“If 10,000 Leicester City fans said, ‘Right, I’m not happy with that player, he’s playing crap and he knows it but he’s happy picking up his wages and going home to listen to his R&B’, football would be finished. Without fans paying their wages, it’d all be over.”


Pausing briefly for air, he leans back in his chair, shrugs and regains his composure. “That’s all I want from a player; for them to know what it means to wear the club’s badge, to appreciate what it means to the fans.

"I love the players that really play for their club, the Di Canios and Cantonas. They might move on in the end, but they know what it means to the people who pay their money. The problem is, there are no heroes any more at City
and that’s what we need, someone we can really worship.”

Despite now mixing with the great and the good of the music world, Kasabian have clung tight to their roots. “Yeah, we played a gig in the local working men’s club after we got relegated from the Premiership last year,” laughs Pizzorno.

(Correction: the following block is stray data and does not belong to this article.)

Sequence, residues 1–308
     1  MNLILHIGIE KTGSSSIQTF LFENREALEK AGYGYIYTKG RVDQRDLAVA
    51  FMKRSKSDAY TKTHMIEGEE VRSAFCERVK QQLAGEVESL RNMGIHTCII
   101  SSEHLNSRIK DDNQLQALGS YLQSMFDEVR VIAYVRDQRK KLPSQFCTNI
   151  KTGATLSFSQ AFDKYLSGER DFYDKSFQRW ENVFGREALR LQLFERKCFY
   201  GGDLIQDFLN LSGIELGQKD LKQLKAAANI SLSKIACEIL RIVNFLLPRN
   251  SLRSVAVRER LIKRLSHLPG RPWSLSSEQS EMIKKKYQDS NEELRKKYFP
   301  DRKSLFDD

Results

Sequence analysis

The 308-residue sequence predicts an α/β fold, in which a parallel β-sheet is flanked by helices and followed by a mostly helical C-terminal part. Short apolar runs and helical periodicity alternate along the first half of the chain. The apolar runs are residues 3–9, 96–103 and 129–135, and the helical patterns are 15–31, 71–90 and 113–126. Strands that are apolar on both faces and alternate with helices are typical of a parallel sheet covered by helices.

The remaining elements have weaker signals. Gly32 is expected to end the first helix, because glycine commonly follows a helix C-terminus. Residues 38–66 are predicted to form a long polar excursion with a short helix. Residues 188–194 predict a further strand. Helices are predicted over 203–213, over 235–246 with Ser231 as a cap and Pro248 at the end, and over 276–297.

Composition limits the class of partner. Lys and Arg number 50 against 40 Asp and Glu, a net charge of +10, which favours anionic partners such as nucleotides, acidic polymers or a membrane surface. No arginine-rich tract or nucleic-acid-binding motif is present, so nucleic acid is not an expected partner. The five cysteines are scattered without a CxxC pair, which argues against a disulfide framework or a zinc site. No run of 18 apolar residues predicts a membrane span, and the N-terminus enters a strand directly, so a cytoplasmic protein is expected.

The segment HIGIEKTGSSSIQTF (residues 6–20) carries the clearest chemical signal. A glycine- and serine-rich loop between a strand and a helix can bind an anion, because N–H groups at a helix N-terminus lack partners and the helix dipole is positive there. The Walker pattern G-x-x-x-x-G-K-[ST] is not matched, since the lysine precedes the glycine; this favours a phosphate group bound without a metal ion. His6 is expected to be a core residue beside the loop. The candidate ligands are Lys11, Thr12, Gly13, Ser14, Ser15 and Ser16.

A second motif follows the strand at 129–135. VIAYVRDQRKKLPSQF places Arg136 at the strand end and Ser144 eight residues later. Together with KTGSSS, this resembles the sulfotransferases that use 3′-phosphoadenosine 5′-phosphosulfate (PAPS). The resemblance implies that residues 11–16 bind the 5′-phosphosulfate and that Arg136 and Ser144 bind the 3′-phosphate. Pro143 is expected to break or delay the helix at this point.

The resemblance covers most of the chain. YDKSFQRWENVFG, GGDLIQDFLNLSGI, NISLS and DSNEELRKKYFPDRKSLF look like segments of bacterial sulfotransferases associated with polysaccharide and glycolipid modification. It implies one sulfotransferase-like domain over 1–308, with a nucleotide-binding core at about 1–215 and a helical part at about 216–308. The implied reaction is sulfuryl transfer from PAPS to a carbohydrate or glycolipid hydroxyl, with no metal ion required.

“That’s the closest we’ve come to playing at the Walkers Stadium, but we definitely want to play a gig there at some point.”

Other grand ambitions include building a mini stadium in his back garden (“So I can have all my mates round for a game”), and enrolling on the celebrity five-a-side circuit. “We can’t wait to get involved in all that,” he laughs, “because we can’t wait to give Blue a good kicking, and we’ll f**king hammer all those bands who think they can play. We can’t wait.”

From the April 2005 issue ofFourFourTwo.

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Nick Moore
Nick Moore

Nick Moore is a freelance journalist based on the Isle of Skye, Scotland. He wrote his first FourFourTwo feature in 2001 about Gerard Houllier's cup-treble-winning Liverpool side, and has continued to ink his witty words for the mag ever since. Nick has produced FFT's 'Ask A Silly Question' interview for 16 years, once getting Peter Crouch to confess that he dreams about being a dwarf.